Faculty of Economics and Business Administration – Universiteit Maastricht
The essential guide to theses and internship reports in Organization Studies and Strategy Version 1.3
R.L. Olie W. van Olffen P.Berends
© 2004 by the Department of Organization Studies and Strategy All rights reserved. No part of this publication may be reproduced or utilized in any form or by any means, electronic or mechanical, including photocopying, recording or by any information storage and retrieval system, without prior written permission from the copyright owner, or, as the cases may be, the publishers, beyond the exceptions provided by the Copyright Law.
Writing a thesis is part of the academic training at a University. Independently you have to research a topic of your choice. In this respect it is quite different from writing the second year paper, not only because of the greater workload, but also because of the degree of initiative that is required from you: to define a topic, to search for relevant literature, and –often - to conduct empirical research. As a result, writing a thesis is a more time-consuming and frustrating experience than most students expect. In fact, in recent years few students in our field managed to write and defend their thesis within 6-8 months. Some of the problems students face cannot be avoided; they are inherent in doing research and are part of the learning process. Others can be avoided, simply because they arise from a lack of knowledge or misunderstanding: about the purpose of the master thesis, how to address a research problem, what to include or not to include in the manuscript, and what supervisors expect. The department of Organization Studies has taken the initiative to address these ‘avoidable’ problems in the form of a rough guide. This guide primarily focuses on problems involved in writing a master thesis, but it also contains useful information for students who are preparing their internship report. The guide synthesizes our experience in supervising students in master theses and internship reports. But, the guide is in no way complete. Ideas, suggestions and comments from users are therefore most welcome. New in version 1.3. of the thesis guide is that more emphasis is given on the formulation of a thesis proposal since many students have indicated to have had problems with that. A good proposal, however, is the start to a good thesis trajectory. Additionally, make sure to check our special thesis and internship web page. Go to http://www.fdewb.unimaas.nl/os/index.htm and click through to STUDY and THESES AND INTERNSHIPS. Lots of important procedural information, tips and a list of thesis supervisors! The site can be regarded as an addendum to this guide. Finally, most students after graduation profess that writing their thesis was hard work, but one of the most -if not THE most - valuable learning experiences of their entire studies. So take heart: may preceded you and succeeded.... Enjoy! René Olie *) Woody van Olffen Peter Berends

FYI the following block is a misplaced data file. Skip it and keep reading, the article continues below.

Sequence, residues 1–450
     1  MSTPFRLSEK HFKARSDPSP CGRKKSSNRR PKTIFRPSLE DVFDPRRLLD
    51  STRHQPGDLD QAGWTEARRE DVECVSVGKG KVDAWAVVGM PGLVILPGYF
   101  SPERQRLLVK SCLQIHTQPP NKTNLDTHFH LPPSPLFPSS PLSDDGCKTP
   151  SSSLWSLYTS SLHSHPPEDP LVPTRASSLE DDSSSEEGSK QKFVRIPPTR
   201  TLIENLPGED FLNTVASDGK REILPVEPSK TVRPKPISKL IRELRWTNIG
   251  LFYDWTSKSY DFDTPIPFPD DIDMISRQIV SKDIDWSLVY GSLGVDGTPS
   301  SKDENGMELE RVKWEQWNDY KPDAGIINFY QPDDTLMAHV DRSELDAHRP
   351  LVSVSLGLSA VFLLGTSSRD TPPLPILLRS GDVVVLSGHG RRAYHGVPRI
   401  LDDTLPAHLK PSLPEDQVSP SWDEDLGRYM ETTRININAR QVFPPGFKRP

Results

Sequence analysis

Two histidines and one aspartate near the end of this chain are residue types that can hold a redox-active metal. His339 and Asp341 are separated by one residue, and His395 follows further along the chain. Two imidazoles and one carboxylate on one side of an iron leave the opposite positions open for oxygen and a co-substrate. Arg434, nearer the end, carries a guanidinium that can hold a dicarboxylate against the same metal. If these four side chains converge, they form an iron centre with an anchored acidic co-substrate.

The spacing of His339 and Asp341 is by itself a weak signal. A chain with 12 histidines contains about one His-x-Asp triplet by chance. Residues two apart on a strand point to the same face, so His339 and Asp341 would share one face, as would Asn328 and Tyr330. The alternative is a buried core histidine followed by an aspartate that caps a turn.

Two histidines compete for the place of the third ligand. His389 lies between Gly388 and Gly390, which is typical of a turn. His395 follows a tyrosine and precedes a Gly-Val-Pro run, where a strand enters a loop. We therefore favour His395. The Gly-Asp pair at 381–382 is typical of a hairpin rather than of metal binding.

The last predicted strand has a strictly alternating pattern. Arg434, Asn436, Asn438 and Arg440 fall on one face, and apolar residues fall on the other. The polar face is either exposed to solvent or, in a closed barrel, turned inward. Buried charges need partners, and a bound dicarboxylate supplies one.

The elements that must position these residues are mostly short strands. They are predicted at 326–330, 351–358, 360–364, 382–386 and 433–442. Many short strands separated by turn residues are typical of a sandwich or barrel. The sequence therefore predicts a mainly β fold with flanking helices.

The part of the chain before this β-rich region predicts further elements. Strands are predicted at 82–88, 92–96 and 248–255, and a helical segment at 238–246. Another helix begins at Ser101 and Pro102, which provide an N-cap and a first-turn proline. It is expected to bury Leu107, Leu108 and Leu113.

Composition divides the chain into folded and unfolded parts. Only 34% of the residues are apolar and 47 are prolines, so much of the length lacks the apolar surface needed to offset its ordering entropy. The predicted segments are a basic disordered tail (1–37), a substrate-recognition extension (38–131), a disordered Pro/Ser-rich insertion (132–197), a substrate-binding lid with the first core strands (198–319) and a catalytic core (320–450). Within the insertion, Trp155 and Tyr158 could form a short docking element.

Maastricht, May 2004
*) René Olie has left our Department for the Erasmus University in Rotterdam. René was the originator and first author of this guide.
1. Introduction 2. Content of the thesis and the thesis proposal 3. Writing the thesis 4. How to annoy your thesis supervisor? 5. Evaluation of your thesis 6. Summing up Appendix: A proposal example
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The purpose of the master thesis is twofold. The first objective is to learn how to research a specific issue. Knowledge and skills in this area are not only important from a scientific perspective, but they are essential in any business environment. Most companies base their decision making on some kind of research. Thus, knowledge of research methods will be of value: for people who have to evaluate research (proposals) prepared by others and who will use it as input for decision making, as well as for those who are preparing...
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